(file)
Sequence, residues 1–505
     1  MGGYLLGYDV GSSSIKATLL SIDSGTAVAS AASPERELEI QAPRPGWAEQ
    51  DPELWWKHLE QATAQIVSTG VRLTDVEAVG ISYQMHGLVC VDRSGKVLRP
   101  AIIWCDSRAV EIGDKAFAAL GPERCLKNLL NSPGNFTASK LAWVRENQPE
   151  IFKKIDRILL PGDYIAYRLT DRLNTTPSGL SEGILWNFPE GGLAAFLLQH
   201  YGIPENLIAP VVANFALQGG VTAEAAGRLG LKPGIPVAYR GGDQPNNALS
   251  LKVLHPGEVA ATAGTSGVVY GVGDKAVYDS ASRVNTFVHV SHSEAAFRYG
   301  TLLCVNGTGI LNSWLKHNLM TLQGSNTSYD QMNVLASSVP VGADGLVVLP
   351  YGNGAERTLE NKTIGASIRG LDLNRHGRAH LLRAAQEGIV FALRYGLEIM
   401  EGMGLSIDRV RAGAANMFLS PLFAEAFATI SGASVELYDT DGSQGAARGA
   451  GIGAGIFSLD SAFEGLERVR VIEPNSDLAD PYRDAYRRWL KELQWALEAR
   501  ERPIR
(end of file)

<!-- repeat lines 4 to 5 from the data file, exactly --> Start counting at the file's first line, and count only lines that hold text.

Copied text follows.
   101  AIIWCDSRAV EIGDKAFAAL GPERCLKNLL NSPGNFTASK LAWVRENQPE
   151  IFKKIDRILL PGDYIAYRLT DRLNTTPSGL SEGILWNFPE GGLAAFLLQH